In traditional wars, like WWI, military personnel mustered together and fought together throughout the entire conflict.  Survivors returned home at the same time and, if they won, they had a parade.  Vietnam changed that.  Individuals were sent at different times, stayed for a few years and returned alone.  No parade and no comradeship within the entire regiment.  Vietnam veterans remember those who served at the same time, not those who served in their unit several years before they arrived.  For Vietnam veterans, chronology, not unit, gathers comrades together.

(My thanks to Peter Francis, Media & PR Manager of the Commonwealth War Graves Commission, for his invaluable help in my research on the Thiepval memorial.)

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Names on a Memorial: Vietnam’s Chronology

The selection committee for the World Trade Center Memorial included Maya Lin, designer of the Vietnam Veterans Memorial (VVM) in Washington, DC.  Lin championed Michael Arad’s design, but her own use of chronological order is closer to the affiliation of the Families Proposal than to Arad’s random structure.  Her powerful VVM arrangement employs chronology to display affiliation.

The VVM lists names of the dead and missing in order of casualty.  People who died together are listed together.  Surviving veterans of a battle can stand in front of their unit’s dead, reading the names of their buddies and watching their own reflections in the polished black marble.  They find their time in the war, see the names of their friends, and reflect on their memories.

The rules of the VVM chronology reinforce arrangement by affiliation.  The listing is by date of casualty not by date of death.  So a person who died later of wounds received in a battle is listed with others who died in that battle.  The missing are listed by the date they went missing, so they would also be located with the casualties of the battle.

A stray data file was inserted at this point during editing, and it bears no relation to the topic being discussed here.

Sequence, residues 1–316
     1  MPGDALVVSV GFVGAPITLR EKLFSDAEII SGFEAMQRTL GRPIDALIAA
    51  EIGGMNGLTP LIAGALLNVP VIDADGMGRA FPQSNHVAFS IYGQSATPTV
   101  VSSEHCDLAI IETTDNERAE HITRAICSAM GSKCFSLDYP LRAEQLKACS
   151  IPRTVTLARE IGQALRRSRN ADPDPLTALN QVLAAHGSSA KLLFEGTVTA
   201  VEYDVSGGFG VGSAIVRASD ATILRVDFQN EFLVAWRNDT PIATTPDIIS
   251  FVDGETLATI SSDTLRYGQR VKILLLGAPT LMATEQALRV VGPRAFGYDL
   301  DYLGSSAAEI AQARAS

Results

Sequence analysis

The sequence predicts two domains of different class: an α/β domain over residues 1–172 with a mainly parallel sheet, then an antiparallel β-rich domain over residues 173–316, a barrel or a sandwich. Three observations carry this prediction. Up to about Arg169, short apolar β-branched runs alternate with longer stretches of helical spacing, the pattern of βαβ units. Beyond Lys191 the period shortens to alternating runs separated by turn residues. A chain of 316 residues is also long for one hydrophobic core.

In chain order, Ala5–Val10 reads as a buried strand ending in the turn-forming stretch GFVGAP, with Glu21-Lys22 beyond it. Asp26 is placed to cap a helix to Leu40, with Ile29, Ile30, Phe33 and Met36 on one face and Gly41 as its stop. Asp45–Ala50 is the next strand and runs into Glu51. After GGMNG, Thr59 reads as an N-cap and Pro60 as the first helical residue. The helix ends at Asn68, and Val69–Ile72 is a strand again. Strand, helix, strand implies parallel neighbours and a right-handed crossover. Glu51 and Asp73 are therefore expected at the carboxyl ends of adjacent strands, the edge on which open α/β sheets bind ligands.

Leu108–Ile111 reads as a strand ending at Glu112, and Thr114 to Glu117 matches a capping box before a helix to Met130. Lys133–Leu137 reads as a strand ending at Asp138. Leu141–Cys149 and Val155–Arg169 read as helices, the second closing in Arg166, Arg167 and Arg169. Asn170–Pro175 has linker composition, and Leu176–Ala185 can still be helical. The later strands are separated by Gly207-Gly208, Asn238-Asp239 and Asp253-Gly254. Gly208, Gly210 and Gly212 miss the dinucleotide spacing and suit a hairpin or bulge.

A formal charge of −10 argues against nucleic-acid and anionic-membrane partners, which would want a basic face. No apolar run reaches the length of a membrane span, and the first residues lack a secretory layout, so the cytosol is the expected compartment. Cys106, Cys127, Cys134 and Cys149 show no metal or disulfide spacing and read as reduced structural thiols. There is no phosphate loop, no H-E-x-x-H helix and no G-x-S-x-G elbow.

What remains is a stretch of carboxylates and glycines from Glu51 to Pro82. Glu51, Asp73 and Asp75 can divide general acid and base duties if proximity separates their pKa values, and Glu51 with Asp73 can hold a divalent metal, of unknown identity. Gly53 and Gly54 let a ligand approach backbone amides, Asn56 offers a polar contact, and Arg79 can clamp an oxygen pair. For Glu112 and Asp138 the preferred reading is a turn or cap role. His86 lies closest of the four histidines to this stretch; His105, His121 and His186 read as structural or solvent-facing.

Vietnam veterans need only find one name in the index, walk to the appropriate panel, and see the names of all their fallen comrades from one day of fighting.  They can remember details about each person and about the day and remember others who survived.  They don’t have to expend energy and time remembering individual names and finding them separately in alphabetical order.  The group remains together in memory and on the Memorial.

For visitors who are not veterans, another detail reinforces affinity.  Each day’s casualties are alphabetized.  This simple arrangement technique allows all visitors to recognize the beginning and ending of the deaths for one day.  You don’t have to be a surviving veteran to stand with the dead on a battlefield.  You just have to know your alphabet.

To walk the length of the VVM chronology is to experience the war.  Certainly there are architectural details that amplify the Memorial’s intensity.  The growing height of the panels, for example, emphasizes the magnitude of death.  But it is the chronology that gives the Memorial its strength.  A list of alphabetized names, whatever the architecture, would just be a list.

Maya Lin’s chronology provides a context for the names on the Vietnam Veterans Memorial.  It encourages surviving veterans to meditate on their past in a way not possible with a less insightful arrangement.  It shows visitors the history of the war and the events on a single day of fighting.  In a hundred years, when the soldiers and the protestors have all died, it will continue to represent not the glory of war or even the futility of war, but simply the experience of war.

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Nov 2006